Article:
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I've tried multiple ways. I know the dictionary is NULL, as the console also prints out when I break there. Yet when I put it in an if( ) it doesn't trigger.

([myDict count] == 0) //results in crash
(myDict == NULL)
[myDict isEqual:[NSNull null]]
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could you also add where you declare your NSDictionary? –  Ugenlik Dec 19 '12 at 20:04
1  
Can you provide more detail? It's pretty bad if you're getting NULL for your NSDictionary, as opposed to the usual nil (for which [myDict count] == 0 should be fine). –  Jeremy Roman Dec 19 '12 at 20:04
    
Don't merely describe what your console says; provide a dump of what you see in the console. –  trudyscousin Dec 19 '12 at 20:13
    
@JeremyRoman if myDict is nil then [myDict count] will cause an NSInvalidArgumentException exception. –  daegren Dec 19 '12 at 20:14
5  
Then myDict isn't nil. Passing a message to nil should not result in a crash. Could it be that myDict is a invalid reference (for example, a reference to a freed object)? –  trudyscousin Dec 19 '12 at 20:15

3 Answers 3

up vote 10 down vote accepted

It looks like you have a dangling or wild pointer.

You can consider Objective-C objects as pointers to structs.

You can then of course compare them with NULL, or with other pointers.

So:

( myDict == NULL )

and

( myDict == [ NSNull null ] )

are both valid.

The first one will check if the pointer is NULL. NULL is usually defined as a void * with a value of 0.
Note that, for Objective-C objects, we usually use nil. nil is also defined as a void * with a value of 0, so it equals NULL. It's just here to denote a NULL pointer to an object, rather than a standard pointer.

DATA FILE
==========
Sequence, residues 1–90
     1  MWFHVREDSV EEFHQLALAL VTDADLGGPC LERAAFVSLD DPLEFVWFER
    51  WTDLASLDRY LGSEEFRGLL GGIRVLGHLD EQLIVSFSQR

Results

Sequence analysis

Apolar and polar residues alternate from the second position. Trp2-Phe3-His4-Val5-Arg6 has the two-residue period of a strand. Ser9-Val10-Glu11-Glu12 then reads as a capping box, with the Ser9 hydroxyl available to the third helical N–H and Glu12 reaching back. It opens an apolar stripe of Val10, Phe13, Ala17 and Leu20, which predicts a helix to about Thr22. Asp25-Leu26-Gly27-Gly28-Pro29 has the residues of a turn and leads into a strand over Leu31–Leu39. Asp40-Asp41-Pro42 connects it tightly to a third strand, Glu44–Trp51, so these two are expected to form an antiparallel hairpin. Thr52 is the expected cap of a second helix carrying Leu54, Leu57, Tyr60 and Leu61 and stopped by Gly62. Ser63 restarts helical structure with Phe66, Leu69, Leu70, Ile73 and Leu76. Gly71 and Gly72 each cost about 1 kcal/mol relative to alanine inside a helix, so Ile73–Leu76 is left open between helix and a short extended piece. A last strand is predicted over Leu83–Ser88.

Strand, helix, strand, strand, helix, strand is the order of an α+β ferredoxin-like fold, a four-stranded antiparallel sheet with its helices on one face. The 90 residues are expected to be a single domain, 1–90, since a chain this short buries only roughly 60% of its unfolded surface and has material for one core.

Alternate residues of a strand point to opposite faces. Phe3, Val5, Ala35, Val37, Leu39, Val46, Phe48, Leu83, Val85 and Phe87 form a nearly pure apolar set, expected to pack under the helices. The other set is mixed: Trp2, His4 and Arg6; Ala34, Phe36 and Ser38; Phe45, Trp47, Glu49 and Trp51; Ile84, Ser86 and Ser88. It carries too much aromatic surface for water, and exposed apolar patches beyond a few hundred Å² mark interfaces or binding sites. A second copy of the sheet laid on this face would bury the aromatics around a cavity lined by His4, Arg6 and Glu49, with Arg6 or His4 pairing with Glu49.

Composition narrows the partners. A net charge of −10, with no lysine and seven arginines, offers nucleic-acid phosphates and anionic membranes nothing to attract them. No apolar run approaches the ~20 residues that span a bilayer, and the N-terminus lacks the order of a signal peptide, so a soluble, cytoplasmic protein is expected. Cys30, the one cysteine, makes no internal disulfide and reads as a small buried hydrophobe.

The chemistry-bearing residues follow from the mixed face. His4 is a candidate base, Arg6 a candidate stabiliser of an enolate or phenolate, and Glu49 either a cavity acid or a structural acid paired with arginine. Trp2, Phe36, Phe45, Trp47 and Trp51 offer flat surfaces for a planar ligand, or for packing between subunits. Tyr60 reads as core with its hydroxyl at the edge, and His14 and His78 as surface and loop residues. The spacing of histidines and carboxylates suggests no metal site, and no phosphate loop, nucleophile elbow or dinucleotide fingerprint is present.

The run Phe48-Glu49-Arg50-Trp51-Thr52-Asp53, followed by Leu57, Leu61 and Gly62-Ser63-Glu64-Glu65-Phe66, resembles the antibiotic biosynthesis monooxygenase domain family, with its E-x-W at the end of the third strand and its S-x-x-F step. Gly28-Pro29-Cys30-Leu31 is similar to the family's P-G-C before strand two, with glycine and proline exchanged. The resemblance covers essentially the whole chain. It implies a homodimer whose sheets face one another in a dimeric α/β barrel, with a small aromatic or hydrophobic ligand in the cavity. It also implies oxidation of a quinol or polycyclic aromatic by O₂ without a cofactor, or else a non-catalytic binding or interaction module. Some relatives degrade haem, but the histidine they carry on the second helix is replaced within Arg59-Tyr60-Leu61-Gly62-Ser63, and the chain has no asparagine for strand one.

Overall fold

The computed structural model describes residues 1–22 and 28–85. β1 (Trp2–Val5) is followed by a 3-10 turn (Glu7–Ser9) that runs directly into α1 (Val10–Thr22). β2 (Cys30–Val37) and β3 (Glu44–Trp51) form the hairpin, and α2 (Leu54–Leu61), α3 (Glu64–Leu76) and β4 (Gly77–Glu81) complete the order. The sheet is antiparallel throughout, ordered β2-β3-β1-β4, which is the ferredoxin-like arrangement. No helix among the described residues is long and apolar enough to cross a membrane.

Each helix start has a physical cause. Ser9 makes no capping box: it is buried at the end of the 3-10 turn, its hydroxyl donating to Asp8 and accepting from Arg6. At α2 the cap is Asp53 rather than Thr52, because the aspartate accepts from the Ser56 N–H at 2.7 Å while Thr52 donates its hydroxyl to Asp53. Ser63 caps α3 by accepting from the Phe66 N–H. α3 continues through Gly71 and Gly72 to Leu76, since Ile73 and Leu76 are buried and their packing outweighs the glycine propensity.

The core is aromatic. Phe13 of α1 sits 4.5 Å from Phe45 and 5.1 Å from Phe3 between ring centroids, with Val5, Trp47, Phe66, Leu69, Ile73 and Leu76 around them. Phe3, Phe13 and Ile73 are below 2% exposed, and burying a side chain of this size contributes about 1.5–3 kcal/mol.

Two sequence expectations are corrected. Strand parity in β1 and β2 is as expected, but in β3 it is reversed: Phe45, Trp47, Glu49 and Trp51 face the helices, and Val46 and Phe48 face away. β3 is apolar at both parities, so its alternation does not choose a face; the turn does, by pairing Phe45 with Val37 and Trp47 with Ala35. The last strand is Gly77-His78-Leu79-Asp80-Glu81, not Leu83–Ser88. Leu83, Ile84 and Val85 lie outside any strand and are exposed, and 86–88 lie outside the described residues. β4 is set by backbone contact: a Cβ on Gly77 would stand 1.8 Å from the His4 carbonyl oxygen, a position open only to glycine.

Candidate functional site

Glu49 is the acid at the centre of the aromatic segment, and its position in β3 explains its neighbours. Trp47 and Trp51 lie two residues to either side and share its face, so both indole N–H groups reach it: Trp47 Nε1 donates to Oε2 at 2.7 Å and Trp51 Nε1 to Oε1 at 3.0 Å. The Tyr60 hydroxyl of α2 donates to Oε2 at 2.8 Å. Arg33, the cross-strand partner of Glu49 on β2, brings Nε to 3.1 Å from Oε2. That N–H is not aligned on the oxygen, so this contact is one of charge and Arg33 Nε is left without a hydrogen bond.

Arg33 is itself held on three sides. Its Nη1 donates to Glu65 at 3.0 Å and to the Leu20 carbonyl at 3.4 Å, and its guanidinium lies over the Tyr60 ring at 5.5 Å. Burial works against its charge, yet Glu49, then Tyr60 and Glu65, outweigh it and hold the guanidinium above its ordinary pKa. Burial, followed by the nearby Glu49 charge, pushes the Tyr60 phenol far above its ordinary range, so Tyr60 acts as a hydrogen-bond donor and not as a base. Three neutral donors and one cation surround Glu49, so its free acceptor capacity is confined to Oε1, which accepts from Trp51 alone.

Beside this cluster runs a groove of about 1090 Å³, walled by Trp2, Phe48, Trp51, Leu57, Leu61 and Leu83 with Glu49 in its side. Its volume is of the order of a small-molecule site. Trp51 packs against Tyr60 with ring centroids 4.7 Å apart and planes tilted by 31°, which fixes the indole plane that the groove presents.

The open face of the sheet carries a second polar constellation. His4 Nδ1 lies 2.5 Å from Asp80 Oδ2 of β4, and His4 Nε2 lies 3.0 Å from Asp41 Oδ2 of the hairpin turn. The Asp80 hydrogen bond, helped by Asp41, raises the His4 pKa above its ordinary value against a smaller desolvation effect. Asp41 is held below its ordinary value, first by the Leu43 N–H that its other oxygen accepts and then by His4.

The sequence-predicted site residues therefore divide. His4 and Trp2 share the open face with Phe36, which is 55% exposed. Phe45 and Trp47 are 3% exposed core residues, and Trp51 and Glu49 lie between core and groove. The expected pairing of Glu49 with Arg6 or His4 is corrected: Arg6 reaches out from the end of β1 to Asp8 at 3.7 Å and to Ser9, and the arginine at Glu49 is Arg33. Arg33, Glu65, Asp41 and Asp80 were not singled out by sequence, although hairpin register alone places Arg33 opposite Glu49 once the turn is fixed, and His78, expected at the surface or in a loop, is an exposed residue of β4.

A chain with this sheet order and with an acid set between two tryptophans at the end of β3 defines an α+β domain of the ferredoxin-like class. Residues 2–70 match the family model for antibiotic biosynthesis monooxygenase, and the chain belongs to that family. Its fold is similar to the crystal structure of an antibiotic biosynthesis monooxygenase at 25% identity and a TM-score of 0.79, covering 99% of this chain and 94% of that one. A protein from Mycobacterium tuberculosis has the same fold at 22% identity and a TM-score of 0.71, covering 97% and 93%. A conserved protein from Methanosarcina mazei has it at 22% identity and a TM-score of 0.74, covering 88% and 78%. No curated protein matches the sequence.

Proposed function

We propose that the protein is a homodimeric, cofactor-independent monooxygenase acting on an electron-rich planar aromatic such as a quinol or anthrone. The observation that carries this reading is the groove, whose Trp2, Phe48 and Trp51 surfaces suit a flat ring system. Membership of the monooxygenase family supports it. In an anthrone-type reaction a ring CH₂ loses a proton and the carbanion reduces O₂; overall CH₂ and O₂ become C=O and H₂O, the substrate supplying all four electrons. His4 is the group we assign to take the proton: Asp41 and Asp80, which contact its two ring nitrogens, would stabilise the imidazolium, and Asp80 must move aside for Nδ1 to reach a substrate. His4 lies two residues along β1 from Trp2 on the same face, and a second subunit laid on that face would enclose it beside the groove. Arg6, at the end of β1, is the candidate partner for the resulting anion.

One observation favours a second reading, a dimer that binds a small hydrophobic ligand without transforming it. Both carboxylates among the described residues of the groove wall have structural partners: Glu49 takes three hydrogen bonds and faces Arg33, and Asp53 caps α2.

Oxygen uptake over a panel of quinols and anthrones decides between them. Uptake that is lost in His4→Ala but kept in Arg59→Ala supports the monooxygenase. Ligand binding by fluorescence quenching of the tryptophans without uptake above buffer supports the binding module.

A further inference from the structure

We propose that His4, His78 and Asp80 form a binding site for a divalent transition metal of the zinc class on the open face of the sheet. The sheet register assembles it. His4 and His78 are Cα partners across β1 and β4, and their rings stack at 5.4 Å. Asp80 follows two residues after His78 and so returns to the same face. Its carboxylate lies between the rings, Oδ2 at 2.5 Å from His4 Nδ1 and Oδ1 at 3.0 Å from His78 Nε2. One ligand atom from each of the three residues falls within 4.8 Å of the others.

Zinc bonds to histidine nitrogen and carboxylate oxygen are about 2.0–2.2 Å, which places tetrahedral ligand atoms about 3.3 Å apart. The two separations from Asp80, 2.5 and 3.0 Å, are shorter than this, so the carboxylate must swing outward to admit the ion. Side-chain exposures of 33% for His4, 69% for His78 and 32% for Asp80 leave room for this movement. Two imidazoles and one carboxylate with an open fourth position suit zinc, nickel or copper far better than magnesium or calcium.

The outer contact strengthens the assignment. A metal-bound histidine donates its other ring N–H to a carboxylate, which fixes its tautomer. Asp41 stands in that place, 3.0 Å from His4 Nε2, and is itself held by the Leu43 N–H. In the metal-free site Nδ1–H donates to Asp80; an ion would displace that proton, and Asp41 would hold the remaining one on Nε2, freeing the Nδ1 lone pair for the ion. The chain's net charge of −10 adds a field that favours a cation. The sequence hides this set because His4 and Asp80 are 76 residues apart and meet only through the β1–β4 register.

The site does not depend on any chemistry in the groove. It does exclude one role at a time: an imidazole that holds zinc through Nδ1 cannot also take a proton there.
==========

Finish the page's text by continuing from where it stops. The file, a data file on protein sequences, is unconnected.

The second one compares the address of myDict with the singleton instance of the NSNull class. So you are here comparing two pointers values.

So to quickly resume:

NULL == nil == Nil == 0

And as [ NSNull null ] is a valid instance:

NULL != [ NSNull null ]

Now about this:

( [ myDict count ] == 0 )

It may crash if you have a wild pointer:

NSDictionary * myDict;

[ myDict count ];

Unless using ARC, it will surely crash, because the myDict variable has not been initialised, and may actually point to anything.

It may also crash if you have a dangling pointer:

NSDictionary * myDict;

myDict = [ [ NSDictionary alloc ] init ];

[ myDict release ];
[ myDict count ];

Then you'll try to send a message to a deallocated object.
Sending a message to nil/NULL is always valid in Objective-C.

So it depends if you want to check if a dictionary is nil, or if it doesn't have values (as a valid dictionary instance may be empty).

In the first case, compare with nil. Otherwise, checks if count is 0, and ensure you're instance is still valid. Maybe you just forgot a retain somewhere.

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if (TheDict == (NSDictionary*) [NSNull null]){

//TheDict is null
    }
else{
//TheDict is not null

}
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To check if a dictionary has nil or NULL data, you can check for the [dictionary count] which will return 0 in all cases

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